Elections

What should the constitution say about how we elect our representatives?

58
980
928
181

With the 2015 General Election a few months away what should the constitution say about how we elect our representatives?

The First Past the Post system by which we elect our MPs requires MPs to win a majority of votes regardless of the number of people who turned up to vote. It makes it possible for an election to be decided on a few 'marginal seats' (constituencies where the current MPs' majority is small). Is this a fair way to decide the government? Is it even worth voting? What about the other representatives that we could vote for? What about Councillors, Mayors, police and crime commissioners and members of the European Parliament? What voting systems do we use to elect them and are they any better?

More >

Hacking the Content
Refining the Content
Preparation
Constitutional Convention
Our new Constitution

Filters

Tags

Tags

View More

Status Labels

Status Labels

Top Contributors

  1. John Z
    3790 pts
  2. James Grindrod
    1155 pts
  3. Nicholas Charalambides
    1115 pts
  4. Daniel Gaunt
    1051 pts
  5. Ian Smith
    1045 pts

View leaderboard

Sort by

The constitution should stipulate that the election of representatives must be conducted on the basis of "one member, one vote".

James Doran
by James Doran
1 Votes
Voting closed
Comments 8
James Doran

Elections are the foundation of our democracy. A constitution should enshrine the principle of free and fair elections, ensuring that everyone has the right to participate (directly or indirectly), to vote, to stand as a candidate and to put forward their political views. But fair elections should also entail that everyone’s voice is heard, and that their votes translate directly into electoral outcomes. The current political system is under strain. Fewer citizens are turning out to vote,...

The Electoral Reform Society
58 Votes
Voting closed
Comments 125
The Electoral Reform Society

As a co-facilitator along with Nicholas, I am curious as to what peoples' views are on lowering the voting age to 16. As we've posted on the Storify page for Elections, Scotland has recently decided to extend the vote to 16 and 17 year olds. What do you think about extending the British vote to 16 and 17 year olds?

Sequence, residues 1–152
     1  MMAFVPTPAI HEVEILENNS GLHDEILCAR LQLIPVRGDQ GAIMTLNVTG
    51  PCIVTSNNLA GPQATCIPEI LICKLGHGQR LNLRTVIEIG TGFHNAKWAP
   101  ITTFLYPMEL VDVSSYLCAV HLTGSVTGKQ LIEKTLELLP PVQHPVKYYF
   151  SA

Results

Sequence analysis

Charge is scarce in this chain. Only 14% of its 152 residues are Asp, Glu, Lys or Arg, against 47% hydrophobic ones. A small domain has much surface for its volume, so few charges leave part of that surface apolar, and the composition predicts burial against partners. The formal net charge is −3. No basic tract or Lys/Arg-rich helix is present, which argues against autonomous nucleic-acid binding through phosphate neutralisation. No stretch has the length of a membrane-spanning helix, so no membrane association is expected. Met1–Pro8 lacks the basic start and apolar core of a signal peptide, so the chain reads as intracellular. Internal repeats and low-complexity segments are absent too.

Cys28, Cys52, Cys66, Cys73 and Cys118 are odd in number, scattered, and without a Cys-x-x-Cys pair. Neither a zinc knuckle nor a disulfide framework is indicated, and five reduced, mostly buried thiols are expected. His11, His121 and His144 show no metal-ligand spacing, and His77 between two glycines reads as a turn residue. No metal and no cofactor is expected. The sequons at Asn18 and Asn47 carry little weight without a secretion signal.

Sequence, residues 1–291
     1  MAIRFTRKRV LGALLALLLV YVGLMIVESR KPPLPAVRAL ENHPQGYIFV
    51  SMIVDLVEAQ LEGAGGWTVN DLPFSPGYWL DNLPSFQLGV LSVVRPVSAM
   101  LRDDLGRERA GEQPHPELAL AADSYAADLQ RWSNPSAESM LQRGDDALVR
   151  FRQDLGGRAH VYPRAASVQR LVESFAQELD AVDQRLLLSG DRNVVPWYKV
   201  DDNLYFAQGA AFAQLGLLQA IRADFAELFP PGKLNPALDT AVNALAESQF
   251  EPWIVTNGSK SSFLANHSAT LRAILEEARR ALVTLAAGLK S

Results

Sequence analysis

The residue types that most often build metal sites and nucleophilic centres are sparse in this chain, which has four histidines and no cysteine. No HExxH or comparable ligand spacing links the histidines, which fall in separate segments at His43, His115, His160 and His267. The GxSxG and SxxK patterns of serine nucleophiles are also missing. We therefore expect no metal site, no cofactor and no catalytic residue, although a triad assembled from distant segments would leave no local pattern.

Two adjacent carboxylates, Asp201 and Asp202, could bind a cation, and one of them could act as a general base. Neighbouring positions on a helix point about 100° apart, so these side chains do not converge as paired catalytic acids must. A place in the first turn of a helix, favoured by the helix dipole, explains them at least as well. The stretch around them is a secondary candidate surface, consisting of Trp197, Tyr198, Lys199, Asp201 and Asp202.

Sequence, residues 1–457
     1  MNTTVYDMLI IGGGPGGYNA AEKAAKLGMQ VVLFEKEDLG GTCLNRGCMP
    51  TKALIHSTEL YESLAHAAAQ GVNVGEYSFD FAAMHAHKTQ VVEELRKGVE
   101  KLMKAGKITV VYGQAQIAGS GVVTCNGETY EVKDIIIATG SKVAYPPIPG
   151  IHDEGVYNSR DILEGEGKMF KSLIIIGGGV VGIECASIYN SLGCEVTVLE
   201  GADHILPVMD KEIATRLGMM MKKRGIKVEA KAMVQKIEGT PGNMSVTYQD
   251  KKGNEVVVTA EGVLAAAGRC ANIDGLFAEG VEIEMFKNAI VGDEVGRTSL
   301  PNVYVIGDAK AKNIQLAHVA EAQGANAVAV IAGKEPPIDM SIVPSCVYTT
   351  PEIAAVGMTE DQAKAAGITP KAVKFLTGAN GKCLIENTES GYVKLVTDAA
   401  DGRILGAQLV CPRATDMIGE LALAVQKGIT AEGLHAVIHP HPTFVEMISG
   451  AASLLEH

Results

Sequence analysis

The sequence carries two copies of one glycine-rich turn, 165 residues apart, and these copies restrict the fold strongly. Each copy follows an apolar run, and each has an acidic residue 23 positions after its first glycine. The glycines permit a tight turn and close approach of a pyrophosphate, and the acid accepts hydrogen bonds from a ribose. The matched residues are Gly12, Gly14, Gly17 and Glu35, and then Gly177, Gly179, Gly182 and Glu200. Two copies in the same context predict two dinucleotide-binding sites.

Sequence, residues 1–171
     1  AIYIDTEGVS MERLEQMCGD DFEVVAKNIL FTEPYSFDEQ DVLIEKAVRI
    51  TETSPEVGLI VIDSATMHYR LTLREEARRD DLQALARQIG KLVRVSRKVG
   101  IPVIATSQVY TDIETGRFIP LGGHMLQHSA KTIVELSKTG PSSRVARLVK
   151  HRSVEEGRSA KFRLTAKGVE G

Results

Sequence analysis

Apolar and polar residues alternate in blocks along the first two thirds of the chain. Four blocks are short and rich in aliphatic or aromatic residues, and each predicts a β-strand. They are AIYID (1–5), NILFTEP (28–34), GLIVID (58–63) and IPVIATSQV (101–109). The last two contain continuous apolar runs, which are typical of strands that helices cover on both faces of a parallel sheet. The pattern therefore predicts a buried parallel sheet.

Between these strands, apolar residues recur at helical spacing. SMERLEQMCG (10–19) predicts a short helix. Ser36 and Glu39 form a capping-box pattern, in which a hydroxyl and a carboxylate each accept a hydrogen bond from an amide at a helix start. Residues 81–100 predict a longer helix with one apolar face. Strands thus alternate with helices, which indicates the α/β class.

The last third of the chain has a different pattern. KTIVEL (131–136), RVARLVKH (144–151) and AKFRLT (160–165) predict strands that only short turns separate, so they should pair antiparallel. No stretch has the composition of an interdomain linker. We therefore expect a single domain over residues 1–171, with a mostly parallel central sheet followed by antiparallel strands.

Lila Kelso
by Lila Kelso
14 Votes
Voting closed
Comments 40
Lila Kelso

Empowering constituents to initiate a "total" recall mechanism for all elected politicians  

BananaPlant
by BananaPlant
6 Votes
Voting closed
Comments 14
BananaPlant

Regular elections are important, but what happens if we end up with more (or less!) than we bargained for? We have never had the ability to select for or against parts of a governing party's policy programme, even at election time - most elections are won on a relatively small number of key issues. As it stands, we don't account for policy preferences or allow for the most basic democratic oversight - that of citizens themselves. I would suggest three new powers for the electorate which...

John Hackett
by John Hackett
18 Votes
Voting closed
Comments 56
John Hackett

A UK Constitution should grant the right to vote in general election to those resident in the UK for 5 years or more.  Currently, non-Brits cannot vote in national elections (despite that they are already allowed to vote in local elections) until obtaining British nationality, which they can apply for after having lived in the UK for at least five years. If all UK-residents of over five years are allowed to vote, everyone will be able to have their say in the future of the country they have...

Yona Lesger
by Yona Lesger
2 Votes
Voting closed
Comments 29
Yona Lesger

We should enshrine an end to our current system in which a small number of wavering voters get to decide the outcome of  a small number of wavering seats which then determine the outcome of a general election 

Ian Smith
by Ian Smith
6 Votes
Voting closed
Comments 15
Ian Smith

Suggested clause: 'Parliament's term shall be of a fixed length with elections held in the same week of the year every 4 years.'  (There will need to be some final refinement to enable earlier dissolution of a parliament on the basis that no effective government may be formed) Parliament terms should be of a fixed length of either 4 or 5 years and the dates and voting times of general elections should be fixed according to a formula that ensures that they cannot be manipulated by...

Ian Smith
by Ian Smith
6 Votes
Voting closed
Comments 23
Ian Smith

We are a mature society in the 21st century and therefore should extend universal suffrage to prisoners. If we see the penal system as rehabilitative rather than punitive we should afford those convicted of a crime the opportunity to engage in society as reintegrated citizens of that society within the constitution. By withholding the vote we are silencing them, and sending a clear signal that they are not part of mainstream society, their opinion is not valued and their voices unheard.

James Smith
by James Smith
9 Votes
Voting closed
Comments 36
James Smith

Currently, only the votes of a few citizens decide the outcome of general and local elections. The outcome of these elections bears little relation to the choices expressed through the ballot box. Our citizens are effectively disenfranchised on a vast scale, and the power that one citizen has to affect the outcome of an election varies widely from another. Even where proportional representation is used, it delivers inconsistent and disproportionate results.  Therefore, if we are to...

James Grindrod
by James Grindrod
27 Votes
Voting closed
Comments 13
James Grindrod
Share